The benefits of switching to a vegan diet are undeniable—but there’s one downside that seems to come with the territory: bad gas. We’re not here to sugarcoat it—the truth stinks. Going from a meat-heavy diet to a new plant-based one can take some getting used to, especially if you make the switch all at once.
But don’t worry! Bad gas is completely normal for new vegans. We’re here to explain the reason behind it and 10 things you can do to get it under control.
First, The Good News
You might feel bummed out about your stomach issues now, but don’t worry–they won’t last forever!
The bad gas you’re experiencing now is just a temporary side effect and will subside after 6-8 weeks at the longest. And, it isn’t something to stress about! It’s actually a sign your body is adapting and healing itself!
If you stick with it, you will experience improved digestion and feel healthier overall.
Why New Vegans Get Such Bad Gas
So, if you’re a new vegan and have been experiencing some…we’ll just say “unusual” intestinal issues, there’s a good chance it’s because of one of these reasons:
Fibre = Flatulence
For many new vegans, the change in fibre intake is dramatic at first. Meat has no fibre, so when you stop eating meat and start eating more fruits, vegetables, and whole grains, the result can be… uncomfortable!
Here’s the thing though: fibre is very good for you. It helps keep your digestive system running smoothly and keeps you feeling full after a meal, but it also causes gas. That’s because when fibre comes into contact with water in your body, it produces gas as it breaks down. The more fibre you eat at one time, the more gas you’re going to have.
While it may seem like a bad thing at first, your body will quickly adjust to a high-fibre diet and the long-term benefits are well worth any temporary discomfort.
Plus, it isn’t just good for your digestion— a diet high in fibre can also help you live longer, and reduce cardiovascular disease, colorectal cancer, type 2 diabetes, and more.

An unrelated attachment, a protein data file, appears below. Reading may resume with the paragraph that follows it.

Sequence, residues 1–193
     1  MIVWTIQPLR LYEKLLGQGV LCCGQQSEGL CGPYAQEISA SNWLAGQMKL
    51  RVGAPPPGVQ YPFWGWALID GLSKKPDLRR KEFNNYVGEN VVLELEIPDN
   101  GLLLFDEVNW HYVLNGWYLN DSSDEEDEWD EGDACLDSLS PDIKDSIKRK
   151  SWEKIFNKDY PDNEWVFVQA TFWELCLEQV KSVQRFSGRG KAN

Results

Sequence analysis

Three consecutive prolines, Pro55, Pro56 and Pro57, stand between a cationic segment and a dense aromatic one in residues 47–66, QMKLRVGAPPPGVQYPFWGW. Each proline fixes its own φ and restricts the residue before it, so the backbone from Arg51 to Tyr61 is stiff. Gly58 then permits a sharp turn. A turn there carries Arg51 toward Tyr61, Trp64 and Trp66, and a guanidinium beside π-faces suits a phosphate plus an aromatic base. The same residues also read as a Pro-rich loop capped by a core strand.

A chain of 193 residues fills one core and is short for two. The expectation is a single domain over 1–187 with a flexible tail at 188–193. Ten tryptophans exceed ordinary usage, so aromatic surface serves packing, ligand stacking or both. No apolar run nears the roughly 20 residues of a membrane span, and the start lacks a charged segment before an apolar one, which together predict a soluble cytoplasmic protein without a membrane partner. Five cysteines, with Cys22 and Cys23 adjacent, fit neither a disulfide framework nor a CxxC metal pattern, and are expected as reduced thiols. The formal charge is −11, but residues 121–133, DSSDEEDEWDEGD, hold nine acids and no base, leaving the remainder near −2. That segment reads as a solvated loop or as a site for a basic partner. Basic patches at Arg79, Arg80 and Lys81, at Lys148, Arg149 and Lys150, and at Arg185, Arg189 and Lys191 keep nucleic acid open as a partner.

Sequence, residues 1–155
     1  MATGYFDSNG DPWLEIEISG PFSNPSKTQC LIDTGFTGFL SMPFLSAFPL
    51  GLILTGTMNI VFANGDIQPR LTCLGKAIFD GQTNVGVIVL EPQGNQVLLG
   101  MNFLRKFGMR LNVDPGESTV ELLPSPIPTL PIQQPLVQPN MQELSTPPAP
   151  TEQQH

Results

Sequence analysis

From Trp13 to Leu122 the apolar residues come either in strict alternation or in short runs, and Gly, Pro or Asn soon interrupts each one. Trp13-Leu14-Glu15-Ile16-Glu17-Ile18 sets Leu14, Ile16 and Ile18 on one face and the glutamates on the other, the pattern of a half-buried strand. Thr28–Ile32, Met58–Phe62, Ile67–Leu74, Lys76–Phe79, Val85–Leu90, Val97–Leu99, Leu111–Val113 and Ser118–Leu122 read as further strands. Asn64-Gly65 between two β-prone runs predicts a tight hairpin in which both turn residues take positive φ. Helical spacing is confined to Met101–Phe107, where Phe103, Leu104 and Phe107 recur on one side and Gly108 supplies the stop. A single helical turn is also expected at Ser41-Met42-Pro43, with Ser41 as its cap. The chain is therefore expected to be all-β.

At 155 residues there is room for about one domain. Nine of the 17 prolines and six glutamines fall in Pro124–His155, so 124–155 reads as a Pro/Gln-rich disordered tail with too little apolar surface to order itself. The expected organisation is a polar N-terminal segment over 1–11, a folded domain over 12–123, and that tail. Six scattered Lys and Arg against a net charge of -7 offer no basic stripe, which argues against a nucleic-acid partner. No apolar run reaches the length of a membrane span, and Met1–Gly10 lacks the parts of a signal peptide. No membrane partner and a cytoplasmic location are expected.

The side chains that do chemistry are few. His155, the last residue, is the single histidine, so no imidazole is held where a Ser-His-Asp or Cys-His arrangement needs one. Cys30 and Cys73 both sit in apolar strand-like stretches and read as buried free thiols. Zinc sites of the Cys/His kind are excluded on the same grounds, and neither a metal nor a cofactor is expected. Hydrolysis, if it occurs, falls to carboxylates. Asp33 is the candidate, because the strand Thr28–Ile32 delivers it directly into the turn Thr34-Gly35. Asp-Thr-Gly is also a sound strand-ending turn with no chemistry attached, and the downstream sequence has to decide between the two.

What’s the deal with FODMAPs? Well, they’re found in many foods that are considered healthy—like fruits, vegetables, and whole grains!
When you switch to a vegan diet, it may be difficult for your digestive system to cope with all the high FODMAP foods. Especially if you have irritable bowel syndrome or similar digestive problems, where FODMAPs are hard to digest. The result? You guessed it: bad gas!
It may take several weeks for your gut bacteria to adjust and start producing more of the right enzymes to handle FODMAPs. This can lead to uncomfortable side effects like bloating or bad gas until your body gets used to digesting new foods better!
Beans: The more you eat the more you…
…consume oligosaccharides, natural sugars that your body finds difficult to digest.
Since beans and legumes are a staple of the vegan diet, it again does mean more bad gas!
But before you cut these gas-inducing foods out of your diet for good, know that they are full of fibre and other nutrients that make you feel great. And, luckily, there is a way to reduce or eliminate this problem! Keep reading to find out how.
People who are new to veganism and are sensitive to histamine may experience more bad gas because of the high amount of histamine found in many vegan foods.
Histamine can be a good thing when it comes to digestion and immune function, but too much of it causes inflammation and irritation. This can cause symptoms like bad gas, bloating, nausea, or heartburn.
Nuts, seeds, and legumes are among the vegan foods highest in histamine. Bananas, avocados, tomatoes, and oranges also make the list.
10 Things You Can Do About It
Now that we’ve addressed the whys of bad gas as a new vegan, let’s talk about what you can do about it.
1. Introduce High-Fibre Foods Slowly
When you first make the decision to go vegan, you might be tempted to blast your body with all the healthy high-fibre foods it can handle, but this is not the best idea.